The little boy wrinkled his forehead in thought, looking left and right. “I don't see him anywhere. There’s many soldiers. Are you sure J’shua can see us?"
Little Soldier, as Blackhawk had begun to think of her, hugged the boy again as her smile deepened. "I know. You can't see J’shua. That can be hard sometimes, especially when the Serpent's army seems so strong. But with practice, you can hear him. I hear him. So, trust me, I know he’s here with us.”
The little boy smiled.
She drew him onto her lap and held him until they both fell asleep.
Blackhawk was amazed at her care for the little boy. Her words rattled around his head, annoying him. He couldn’t stop thinking about the ransom. It was so counter to the teachings of Lord and Lady Melazera, whom he served.
It can’t be that simple.
He trotted up the line and, when he reached the undersecretary’s cart, matched its speed.
Rosewud frowned, his typical greeting. “What is it, Lieutenant?”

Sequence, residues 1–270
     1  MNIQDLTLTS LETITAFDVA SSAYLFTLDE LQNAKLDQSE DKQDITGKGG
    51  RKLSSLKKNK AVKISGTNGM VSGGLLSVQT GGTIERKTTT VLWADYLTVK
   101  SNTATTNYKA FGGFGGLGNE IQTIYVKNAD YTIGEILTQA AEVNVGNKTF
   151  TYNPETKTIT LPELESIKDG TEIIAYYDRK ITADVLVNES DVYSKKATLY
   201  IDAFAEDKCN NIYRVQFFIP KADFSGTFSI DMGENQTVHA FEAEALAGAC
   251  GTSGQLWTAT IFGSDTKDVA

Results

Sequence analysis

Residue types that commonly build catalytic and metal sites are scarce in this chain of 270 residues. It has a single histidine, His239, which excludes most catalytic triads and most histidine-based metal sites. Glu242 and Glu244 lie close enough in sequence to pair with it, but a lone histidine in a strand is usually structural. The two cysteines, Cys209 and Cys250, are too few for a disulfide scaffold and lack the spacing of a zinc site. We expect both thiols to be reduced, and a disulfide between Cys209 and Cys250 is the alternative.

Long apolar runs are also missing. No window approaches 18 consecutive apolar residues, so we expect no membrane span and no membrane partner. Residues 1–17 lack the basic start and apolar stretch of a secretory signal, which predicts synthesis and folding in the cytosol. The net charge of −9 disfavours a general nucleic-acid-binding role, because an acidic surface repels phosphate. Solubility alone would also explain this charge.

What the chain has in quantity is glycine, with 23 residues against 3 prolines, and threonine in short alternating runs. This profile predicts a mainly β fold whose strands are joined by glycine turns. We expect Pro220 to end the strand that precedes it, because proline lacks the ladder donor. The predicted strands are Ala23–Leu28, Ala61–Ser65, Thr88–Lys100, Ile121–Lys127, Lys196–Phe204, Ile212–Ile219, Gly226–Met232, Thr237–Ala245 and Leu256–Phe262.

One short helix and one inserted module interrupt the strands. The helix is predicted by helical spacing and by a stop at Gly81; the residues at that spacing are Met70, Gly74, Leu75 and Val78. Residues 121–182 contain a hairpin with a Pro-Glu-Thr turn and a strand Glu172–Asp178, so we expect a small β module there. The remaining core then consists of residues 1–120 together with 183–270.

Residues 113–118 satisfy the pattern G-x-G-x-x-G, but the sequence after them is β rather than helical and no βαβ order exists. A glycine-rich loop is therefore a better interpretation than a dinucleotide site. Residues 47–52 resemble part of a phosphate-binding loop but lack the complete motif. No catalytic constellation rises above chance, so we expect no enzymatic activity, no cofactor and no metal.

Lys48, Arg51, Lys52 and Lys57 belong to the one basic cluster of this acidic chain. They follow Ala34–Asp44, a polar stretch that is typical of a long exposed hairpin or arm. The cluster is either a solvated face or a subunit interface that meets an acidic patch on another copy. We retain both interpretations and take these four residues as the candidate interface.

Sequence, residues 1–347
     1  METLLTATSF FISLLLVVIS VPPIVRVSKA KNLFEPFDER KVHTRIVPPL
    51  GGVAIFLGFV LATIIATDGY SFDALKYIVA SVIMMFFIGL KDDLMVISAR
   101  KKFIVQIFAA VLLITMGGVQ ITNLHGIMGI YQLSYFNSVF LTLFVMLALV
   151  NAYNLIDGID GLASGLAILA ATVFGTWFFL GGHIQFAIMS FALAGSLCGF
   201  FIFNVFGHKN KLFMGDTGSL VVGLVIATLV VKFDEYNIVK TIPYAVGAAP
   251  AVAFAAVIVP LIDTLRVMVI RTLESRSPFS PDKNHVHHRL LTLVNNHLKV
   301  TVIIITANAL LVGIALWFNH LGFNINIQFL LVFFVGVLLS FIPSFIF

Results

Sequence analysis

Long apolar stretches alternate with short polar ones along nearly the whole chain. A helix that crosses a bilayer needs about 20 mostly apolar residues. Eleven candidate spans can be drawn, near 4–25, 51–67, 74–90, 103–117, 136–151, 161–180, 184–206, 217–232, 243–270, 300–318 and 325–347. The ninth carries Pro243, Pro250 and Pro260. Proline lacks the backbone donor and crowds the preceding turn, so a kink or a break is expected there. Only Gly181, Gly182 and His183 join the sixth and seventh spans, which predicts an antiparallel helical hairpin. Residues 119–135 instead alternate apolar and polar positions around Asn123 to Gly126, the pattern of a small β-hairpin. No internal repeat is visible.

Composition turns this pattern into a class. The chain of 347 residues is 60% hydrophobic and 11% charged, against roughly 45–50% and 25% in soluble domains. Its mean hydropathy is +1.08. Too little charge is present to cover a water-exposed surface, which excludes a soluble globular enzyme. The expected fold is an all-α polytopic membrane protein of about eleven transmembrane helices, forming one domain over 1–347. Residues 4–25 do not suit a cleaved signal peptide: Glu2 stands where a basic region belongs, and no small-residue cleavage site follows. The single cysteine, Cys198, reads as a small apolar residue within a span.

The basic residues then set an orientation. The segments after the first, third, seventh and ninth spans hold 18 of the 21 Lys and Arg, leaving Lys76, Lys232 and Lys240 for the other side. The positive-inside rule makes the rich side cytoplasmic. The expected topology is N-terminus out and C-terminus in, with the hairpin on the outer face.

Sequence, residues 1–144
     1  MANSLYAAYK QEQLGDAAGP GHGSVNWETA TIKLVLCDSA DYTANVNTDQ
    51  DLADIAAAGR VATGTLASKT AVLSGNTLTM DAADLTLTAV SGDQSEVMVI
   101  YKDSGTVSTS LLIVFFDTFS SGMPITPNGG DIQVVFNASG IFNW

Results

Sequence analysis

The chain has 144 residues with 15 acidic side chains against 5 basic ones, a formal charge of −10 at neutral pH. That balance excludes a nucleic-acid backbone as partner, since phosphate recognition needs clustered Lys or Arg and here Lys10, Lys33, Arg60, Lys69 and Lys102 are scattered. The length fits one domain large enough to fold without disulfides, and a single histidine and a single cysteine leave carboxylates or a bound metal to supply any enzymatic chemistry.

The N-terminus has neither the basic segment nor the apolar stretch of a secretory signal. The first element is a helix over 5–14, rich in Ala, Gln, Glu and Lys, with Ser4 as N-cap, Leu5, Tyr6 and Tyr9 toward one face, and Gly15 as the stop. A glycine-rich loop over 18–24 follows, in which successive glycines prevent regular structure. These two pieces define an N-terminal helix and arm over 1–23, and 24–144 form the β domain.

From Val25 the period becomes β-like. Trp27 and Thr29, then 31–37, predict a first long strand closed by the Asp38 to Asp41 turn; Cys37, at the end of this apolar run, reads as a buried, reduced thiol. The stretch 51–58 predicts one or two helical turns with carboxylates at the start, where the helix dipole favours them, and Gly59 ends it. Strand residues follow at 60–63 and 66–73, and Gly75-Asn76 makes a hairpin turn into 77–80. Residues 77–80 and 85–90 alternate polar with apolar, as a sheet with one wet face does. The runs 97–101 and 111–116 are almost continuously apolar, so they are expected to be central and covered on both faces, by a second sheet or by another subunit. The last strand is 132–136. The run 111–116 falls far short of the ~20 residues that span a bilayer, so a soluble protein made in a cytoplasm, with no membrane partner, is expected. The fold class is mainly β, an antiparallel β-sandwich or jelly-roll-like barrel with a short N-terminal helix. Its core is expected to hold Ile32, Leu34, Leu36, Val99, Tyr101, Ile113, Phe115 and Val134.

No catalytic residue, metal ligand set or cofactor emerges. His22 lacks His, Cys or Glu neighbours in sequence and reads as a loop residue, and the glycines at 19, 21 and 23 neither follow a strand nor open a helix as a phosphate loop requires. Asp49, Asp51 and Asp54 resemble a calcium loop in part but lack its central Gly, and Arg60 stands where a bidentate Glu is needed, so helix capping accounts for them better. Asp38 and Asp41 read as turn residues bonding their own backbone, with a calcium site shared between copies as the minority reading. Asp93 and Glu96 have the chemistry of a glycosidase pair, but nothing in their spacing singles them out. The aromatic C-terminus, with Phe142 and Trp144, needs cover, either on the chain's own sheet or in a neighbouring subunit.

“We’re nearly to River Town, sir. Do you need any help with delivery?”
“They’re children. Shouldn't be any trouble.” Rosewud waved a hand dismissively.
“Of course, but the mother could be following,”
Rosewud scratched at an old scar on his arm. “Yes, yes, I wouldn’t object to having you along. I won’t pay much.”
“Shall I follow you or scout ahead?"
"Scout ahead. I’ll dine at The Sapphire before heading out. Find me there.”
“Yes, sir.” Blackhawk nodded and rode ahead into River Town.
Lieutenant Blackhawk watched Rosewud enter The Sapphire Inn. Then the young officer headed to Sweet Maids, the brothel across the street, where he assuaged his ill humor on a whore.